I realize this is going to sound condescending but it is what it is.If I did decide to buy a GT and twin turbo it, what would I have to do to the car to make it capable of handling 650 to 750 hp. I know I would have to get better shocks, breaks, and tires, but I'm not sure what else I would have to do.
I’d be willing to bet it has everything to do with who gives the manufacture the best deal on there products. And absolutely nothing to do with one being better than the other. (Turbo, centri, screw, etc.)I agree this is the internet, one can make claims and not have to prove anything. There is a reason, I agree with that as well. It most likely is what makes more money, might have nothing to do with most effective form of power adder. The thread is asking about putting twins on a GT, well there is no TT on coyotes from the factory so the OP should not consider them because well there is a reason they don't come that way; along with any BMR stuff, slicks, or much of the other go fast stuff. I guess the answer is the GT350.
I am betting it is packaging and reliability. Have a big V8? Superchargers package better, and the potential power advantage of turbos doesn't matter much. I don't think anyone has put in the work to get centrifical superchargers to meet OEM reliability standards. For example, having separate oiling systems for the supercharger (common with centrificals) I imagine would be a deal breaker for OEMs. But pricing you know is definitely a factor as well.I’d be willing to bet it has everything to do with who gives the manufacture the best deal on there products. And absolutely nothing to do with one being better than the other. (Turbo, centri, screw, etc.)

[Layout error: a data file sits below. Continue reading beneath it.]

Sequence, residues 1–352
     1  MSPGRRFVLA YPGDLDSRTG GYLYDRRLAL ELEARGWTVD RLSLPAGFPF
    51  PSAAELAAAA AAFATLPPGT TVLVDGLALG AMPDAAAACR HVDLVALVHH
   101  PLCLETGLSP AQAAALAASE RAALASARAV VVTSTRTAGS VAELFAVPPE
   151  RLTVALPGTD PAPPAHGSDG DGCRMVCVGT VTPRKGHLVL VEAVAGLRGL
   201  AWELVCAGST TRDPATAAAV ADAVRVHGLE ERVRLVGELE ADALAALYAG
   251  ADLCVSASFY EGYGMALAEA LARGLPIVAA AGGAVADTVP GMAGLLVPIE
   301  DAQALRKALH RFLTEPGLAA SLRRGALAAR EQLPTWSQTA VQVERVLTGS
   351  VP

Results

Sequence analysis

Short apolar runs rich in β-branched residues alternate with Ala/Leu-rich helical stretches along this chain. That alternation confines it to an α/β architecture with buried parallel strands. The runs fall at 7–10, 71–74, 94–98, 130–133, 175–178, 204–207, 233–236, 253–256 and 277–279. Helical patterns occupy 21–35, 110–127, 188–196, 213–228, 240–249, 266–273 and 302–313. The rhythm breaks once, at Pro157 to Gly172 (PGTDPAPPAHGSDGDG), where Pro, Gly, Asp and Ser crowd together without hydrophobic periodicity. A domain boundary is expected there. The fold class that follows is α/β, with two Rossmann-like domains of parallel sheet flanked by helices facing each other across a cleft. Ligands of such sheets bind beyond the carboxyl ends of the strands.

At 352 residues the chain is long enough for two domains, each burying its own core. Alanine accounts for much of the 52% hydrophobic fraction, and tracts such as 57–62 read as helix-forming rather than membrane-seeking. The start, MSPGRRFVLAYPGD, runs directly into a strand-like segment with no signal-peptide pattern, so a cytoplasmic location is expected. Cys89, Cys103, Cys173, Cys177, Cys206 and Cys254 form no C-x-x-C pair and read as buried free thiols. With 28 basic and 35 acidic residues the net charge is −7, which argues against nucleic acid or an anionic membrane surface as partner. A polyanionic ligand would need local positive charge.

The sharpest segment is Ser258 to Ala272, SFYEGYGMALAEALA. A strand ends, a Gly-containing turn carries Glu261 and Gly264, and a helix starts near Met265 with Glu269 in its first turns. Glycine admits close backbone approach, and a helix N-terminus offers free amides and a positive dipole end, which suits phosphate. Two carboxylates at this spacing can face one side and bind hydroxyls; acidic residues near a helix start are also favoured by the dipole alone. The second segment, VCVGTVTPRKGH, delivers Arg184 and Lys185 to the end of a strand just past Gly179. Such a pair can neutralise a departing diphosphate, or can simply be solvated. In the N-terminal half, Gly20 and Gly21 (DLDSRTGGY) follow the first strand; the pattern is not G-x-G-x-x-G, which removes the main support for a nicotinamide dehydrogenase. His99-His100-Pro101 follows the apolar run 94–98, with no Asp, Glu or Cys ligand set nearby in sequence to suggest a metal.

This sums it up.The main reason I didn't buy a 350-500, I knew I wanted to mod in everyway possible and build the engine to my specs. For me, buying a cookie cutter 350-500 knowing it is not unique to me was a deciding factor. Now if I wanted to buy one to sell some day and make money, absolutely I would have bought one. I don't collect coins, antiques, collector stuff, that's just not me. Have fun
I meant modern OEM reliability standards.Centrifugal superchargers were OEM on a several cars in the 50s and early 60s. They held up quite well, too. I owned two such cars, a 57 312 Ford and 61 Studebaker Golden Hawk. They didn't generate a ton of power, but it was enough to get your attention. I wish I still had that Ford. Those things are worth a lot now.